9). As expected, if we assume a serial interval distribution, rather than estimate it, our estimate of the reproductive number shifts to adjust, as a consequence of the relationship between these two quantities (

17,

18).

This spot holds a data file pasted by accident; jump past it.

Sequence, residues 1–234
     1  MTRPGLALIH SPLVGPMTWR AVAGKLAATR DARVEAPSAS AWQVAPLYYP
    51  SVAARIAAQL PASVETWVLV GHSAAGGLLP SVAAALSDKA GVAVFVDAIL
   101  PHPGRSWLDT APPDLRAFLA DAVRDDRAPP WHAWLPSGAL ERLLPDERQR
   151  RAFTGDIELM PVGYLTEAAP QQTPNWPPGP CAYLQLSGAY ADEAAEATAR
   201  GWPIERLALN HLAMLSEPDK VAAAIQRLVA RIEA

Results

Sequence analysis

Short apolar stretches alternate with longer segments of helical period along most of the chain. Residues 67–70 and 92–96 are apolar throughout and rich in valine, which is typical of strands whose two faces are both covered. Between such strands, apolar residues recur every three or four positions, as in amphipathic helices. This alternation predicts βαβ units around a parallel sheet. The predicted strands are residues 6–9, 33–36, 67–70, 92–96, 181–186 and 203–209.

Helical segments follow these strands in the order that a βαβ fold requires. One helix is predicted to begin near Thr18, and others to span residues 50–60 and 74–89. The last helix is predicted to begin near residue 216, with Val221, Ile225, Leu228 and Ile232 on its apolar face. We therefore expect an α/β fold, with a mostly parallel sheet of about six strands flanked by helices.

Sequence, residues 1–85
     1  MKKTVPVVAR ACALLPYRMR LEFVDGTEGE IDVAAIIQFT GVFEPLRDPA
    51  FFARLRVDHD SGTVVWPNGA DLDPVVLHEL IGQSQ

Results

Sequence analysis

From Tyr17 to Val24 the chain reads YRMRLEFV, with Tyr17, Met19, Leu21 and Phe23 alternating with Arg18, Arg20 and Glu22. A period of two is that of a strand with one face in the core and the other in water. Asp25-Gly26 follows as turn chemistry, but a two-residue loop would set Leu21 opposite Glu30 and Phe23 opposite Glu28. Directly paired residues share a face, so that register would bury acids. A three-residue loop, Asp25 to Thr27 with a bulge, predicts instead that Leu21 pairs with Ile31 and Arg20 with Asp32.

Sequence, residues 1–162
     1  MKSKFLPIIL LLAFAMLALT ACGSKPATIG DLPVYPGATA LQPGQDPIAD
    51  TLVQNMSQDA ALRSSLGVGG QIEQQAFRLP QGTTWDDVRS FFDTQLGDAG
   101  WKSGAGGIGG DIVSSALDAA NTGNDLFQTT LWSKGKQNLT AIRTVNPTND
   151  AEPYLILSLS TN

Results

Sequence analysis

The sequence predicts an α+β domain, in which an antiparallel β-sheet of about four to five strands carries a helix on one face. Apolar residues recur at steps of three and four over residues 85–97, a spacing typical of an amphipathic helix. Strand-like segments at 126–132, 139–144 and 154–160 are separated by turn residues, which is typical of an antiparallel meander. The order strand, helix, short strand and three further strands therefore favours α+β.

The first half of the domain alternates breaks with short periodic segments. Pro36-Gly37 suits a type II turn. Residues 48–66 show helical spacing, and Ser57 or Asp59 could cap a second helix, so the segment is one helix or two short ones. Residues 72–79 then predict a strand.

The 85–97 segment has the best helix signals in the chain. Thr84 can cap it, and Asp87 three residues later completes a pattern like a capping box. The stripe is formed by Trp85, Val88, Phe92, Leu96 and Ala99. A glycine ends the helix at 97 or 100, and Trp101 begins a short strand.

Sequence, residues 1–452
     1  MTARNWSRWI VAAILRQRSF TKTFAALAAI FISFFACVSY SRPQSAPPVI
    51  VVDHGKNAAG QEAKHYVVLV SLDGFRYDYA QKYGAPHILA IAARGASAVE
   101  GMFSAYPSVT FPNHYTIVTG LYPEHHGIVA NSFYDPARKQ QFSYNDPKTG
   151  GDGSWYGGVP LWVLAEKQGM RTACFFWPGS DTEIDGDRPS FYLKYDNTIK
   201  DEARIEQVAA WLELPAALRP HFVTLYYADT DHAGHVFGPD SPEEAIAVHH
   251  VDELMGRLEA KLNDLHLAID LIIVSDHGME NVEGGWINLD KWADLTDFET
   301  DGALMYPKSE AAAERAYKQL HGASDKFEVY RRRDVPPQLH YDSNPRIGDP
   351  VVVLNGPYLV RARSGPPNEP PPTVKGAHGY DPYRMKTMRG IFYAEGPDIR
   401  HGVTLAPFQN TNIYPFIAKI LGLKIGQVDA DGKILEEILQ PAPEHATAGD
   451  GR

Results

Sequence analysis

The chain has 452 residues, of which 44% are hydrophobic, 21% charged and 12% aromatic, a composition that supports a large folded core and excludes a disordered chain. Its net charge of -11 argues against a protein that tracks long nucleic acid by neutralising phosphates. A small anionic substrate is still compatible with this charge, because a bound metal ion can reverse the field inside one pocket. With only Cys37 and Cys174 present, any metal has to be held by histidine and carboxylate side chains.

The results presented here should be interpreted with the following caveats in mind. First the data is not from a closed system, and clearly there are imported cases, such as individuals who acquired the illness in Mexico after March 28. Although we account for cases that are known to be imported, it is likely that the data we have is incomplete and several other infections could have been imported. Misclassification of cases that were truly imported will bias reproductive number estimates upwards. Second, incomplete reporting is a feature of nearly all data on the novel influenza A/H1N1, and certainly of any data sets large enough to estimate temporal trends in case numbers. If underreporting were consistent over time, it would have only a minor effect on our point estimates (which depend mainly on the growth rate and on cyclical signals in the data) but would increase uncertainty around these estimates. More likely, as we have noted, there are trends in reporting, with increasing reporting as awareness grows, and declining reporting as public health workers become unable to obtain and report detailed information on each case. One might argue for analyzing only a subset of cases during the time period with optimal reporting or by only looking at hospitalizations, which might be more accurately recorded. However, in the first case, we ignore a large number of initial cases that will undoubtedly lead to gross errors in the estimates. In this case all secondary cases after the first day that is analyzed will be attributable to that day. By only considering hospitalizations, we violate the assumption of a closed system and assume that all cases that are hospitalized are attributable to another hospitalized case. The results from such an analysis would be challenging to interpret. Instead, we have accounted for these changes by imputation of onset dates, augmentation of data to account for reporting delays, and adjustments for an estimated upward trend in reporting of the early data. We feel that such adjustments, while still imperfect, are superior to ignoring information in incomplete data. In all analyses of such data, the statistical confidence intervals obtained should not be interpreted as measuring all of the uncertainty in estimates; additional uncertainty comes from unmeasured changes in reporting.